The operation of the above structure will now be described. As an electric input is applied to the lead wires 6A and 6B, a low pass filter is created which includes the electrical resistance 11B inserted between the piezoelectric section 2C and the positive lead wire 6A; this effect is similar to that provided by Example 15. The other piezoelectric section 2D operates as a normal piezoelectric loudspeaker (i.e., without low-pass filtering capabilities).

It is possible to design the piezoelectric sections 2C and 2D so as to have different lowest reproducible frequencies by varying their areas and/or thicknesses. Therefore, the piezoelectric sections 2C and 2D may provide sound volume characteristics as exemplified by curves A and B, respectively, in the graph of FIG. 27. Accordingly, the overall characteristics of the piezoelectric loudspeaker 10 is equal to a sum of the characteristics A and B in FIG. 27. Thus, the reproducible frequency range of the piezoelectric loudspeaker 10 can be expanded.

By splitting the piezoelectric member 2 into right and left halves as shown in FIG. 28, and inserting a conductive material 11C between the two halves to serve as an electrical resistance between the piezoelectric sections 2C and 2D, similar effects to that obtained with the use of the electrical resistance 11B of FIG. 26 can be achieved.

Similar effects can also be attained by splitting the piezoelectric member 2 into concentric sections 2C and 2D as shown in FIG. 29, and inserting a conductive material 11D to serve as an electrical resistance between the sections 2C and 2D.

Although FIGS. 26, 28, and 29 do not Illustrate any visco-elastic members, it is also applicable to provide a visco-elastic member 5 on the piezoelectric loudspeaker 10 according to Example 16 of the invention. The aforementioned piezoelectric member 2 composed of discrete piezoelectric sections may be implemented as a combination of annular piezoelectric members or stacked disk-shaped piezoelectric members. A plurality of electrical resistance elements, or a plurality of conductive elements to serve as electrical resistance, may be employed so long as they are capable of applying different voltages to the plurality of piezoelectric sections.

EXAMPLE 17

FIG. 30 is a cross-sectional view showing a piezoelectric loudspeaker 10 according to Example 17 of the present invention. As shown, the piezoelectric loudspeaker 10 includes a plate 12 for interconnecting a frame 4 to one of a pair of visco-elastic members 5.

The operation of the piezoelectric loudspeaker 10 according to the present example will now be described. As an electric input is applied across lead wires 6A and 6B, a piezoelectric vibrator 3 vibrates in a bending mode. Although a diaphragm 1 and a piezoelectric member 2 have very small internal losses and a large resonance peak Q at their respective resonance points, the visco-elastic members 5 which are attached to the piezoelectric vibrator 3 control its Q value. Furthermore, since one of the visco-elastic members 5 is connected to the frame 4 via the plate 12, the central portion of the piezoelectric vibrator 3 (at which the piezoelectric vibrator 3 may be adhered to the visco-elastic member 5) is prevented from having an excessive amplitude.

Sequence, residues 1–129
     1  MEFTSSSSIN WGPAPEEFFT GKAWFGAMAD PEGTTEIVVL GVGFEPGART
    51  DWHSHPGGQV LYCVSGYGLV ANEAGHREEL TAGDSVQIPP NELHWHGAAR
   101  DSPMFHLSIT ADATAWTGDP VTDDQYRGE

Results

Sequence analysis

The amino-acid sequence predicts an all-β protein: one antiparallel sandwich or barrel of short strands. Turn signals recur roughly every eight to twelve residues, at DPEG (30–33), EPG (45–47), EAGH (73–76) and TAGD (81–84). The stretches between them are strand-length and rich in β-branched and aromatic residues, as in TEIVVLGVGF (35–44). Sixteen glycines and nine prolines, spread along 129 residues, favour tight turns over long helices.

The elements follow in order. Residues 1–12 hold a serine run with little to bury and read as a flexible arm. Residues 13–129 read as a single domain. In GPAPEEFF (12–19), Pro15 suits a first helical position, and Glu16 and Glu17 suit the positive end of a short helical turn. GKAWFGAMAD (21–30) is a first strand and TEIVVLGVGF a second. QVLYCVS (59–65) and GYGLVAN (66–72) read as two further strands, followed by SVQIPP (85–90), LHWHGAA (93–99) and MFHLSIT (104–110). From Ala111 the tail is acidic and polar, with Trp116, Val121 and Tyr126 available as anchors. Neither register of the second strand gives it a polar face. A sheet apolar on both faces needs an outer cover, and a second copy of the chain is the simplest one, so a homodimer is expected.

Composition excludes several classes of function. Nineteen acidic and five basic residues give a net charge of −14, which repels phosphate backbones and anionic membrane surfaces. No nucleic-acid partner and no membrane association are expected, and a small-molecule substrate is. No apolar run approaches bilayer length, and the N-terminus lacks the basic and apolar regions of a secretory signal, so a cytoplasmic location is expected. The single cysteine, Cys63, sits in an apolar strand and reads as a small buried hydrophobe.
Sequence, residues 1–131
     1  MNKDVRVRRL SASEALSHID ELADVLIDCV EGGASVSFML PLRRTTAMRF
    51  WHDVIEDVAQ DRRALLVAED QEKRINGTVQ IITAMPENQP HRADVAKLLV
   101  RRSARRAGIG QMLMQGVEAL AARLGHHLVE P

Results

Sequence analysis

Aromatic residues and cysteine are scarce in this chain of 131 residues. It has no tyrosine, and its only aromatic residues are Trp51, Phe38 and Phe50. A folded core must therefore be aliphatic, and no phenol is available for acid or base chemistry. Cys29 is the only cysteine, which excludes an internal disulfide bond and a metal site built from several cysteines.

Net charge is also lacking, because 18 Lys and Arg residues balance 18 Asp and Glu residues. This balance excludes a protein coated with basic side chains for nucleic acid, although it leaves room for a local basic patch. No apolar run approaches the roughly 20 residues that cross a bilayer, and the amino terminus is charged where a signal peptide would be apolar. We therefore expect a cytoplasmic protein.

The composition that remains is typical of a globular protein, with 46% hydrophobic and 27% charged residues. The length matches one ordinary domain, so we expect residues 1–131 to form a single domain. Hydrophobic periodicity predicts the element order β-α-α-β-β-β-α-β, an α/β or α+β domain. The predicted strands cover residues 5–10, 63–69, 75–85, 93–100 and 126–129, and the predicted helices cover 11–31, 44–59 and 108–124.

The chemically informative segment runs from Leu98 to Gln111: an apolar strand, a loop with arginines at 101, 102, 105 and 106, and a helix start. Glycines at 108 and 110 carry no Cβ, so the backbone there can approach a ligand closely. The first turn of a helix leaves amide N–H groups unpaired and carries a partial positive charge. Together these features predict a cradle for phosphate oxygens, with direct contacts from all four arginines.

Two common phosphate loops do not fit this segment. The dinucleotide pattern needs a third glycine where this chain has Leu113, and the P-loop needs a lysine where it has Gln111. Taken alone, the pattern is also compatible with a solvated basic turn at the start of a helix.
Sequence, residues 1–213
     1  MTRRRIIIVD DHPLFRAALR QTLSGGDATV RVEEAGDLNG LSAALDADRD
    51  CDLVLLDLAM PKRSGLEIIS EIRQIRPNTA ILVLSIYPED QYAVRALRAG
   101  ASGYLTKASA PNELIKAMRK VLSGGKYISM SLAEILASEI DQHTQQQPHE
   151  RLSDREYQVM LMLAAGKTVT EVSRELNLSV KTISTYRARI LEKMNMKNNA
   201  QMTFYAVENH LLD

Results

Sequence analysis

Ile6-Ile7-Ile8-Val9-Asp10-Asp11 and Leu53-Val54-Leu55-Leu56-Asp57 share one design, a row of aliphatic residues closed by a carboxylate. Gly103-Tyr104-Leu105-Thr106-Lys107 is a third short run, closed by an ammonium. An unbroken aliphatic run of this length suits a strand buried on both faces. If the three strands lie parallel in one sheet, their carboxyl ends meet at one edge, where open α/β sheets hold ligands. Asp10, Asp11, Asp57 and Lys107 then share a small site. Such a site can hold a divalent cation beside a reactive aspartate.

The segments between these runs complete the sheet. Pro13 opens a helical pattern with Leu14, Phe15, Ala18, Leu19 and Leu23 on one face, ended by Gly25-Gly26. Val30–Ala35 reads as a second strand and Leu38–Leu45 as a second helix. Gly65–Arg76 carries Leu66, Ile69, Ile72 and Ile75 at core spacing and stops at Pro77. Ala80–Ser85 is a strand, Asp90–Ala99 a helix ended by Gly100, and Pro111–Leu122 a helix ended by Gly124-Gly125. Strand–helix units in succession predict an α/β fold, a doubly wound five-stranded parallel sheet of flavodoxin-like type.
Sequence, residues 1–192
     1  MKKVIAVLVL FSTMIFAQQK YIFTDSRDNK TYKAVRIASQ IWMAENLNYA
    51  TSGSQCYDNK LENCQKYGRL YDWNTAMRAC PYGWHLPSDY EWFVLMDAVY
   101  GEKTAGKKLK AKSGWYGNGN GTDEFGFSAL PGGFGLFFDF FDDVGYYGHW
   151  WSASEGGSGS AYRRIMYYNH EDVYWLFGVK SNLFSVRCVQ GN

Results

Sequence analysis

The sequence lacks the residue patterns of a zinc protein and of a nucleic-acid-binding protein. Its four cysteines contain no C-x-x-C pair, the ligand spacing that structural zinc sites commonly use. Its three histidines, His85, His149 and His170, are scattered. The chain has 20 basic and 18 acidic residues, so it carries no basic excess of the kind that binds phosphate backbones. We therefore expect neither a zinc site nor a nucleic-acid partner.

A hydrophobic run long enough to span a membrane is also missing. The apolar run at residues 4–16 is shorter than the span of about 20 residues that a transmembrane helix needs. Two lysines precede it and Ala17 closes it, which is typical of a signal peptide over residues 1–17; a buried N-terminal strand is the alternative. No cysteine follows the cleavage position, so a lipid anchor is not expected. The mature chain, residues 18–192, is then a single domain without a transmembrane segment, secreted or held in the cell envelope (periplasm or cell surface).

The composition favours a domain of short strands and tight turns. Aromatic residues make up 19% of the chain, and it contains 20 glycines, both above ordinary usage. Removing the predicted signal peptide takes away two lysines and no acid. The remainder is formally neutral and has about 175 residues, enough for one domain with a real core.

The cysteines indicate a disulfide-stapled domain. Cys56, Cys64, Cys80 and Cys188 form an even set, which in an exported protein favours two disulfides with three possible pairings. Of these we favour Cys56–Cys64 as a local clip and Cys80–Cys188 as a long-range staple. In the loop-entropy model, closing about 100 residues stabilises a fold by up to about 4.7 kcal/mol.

In accordance with the operation, the plate 12 for interconnecting one of the visco-elastic members 5 to frame 4 serves to minimize the excessive amplitude occurring in the central portion of the piezoelectric vibrator 3 while maintaining flat reproduced sound volume-frequency characteristics due to the damping effect provided by the visco-elastic members 5. As a result, the piezoelectric loudspeaker 10 attains an improved withstand input level. Since an enclosed space can be formed between the plate 12, the frame 4, the diaphragm 1, and the visco-elastic member 5, there is provided a further advantage when constructing a speaker system by mounting the above piezoelectric loudspeaker 10 in a cabinet: that is, the diaphragm 1 is prevented from being strained due to unwanted vibration of the diaphragm 1 which is associated with the internal sound volume within the cabinet. Thus, a low-strain speaker system can be realized. Moreover, the physical volume within the enclosed space serves an “air spring” against the piezoelectric vibrator 3. The lowest resonance frequency of a given loudspeaker, which defines the lowest reproducible frequency of the loudspeaker, is determined by the mass of a diaphragm 1 and a spring factor against the diaphragm. Therefore, it is possible to adjust the lowest resonance frequency of the piezoelectric loudspeaker 10 by employing the physical volume within the enclosed space as a parameter in the loudspeaker design.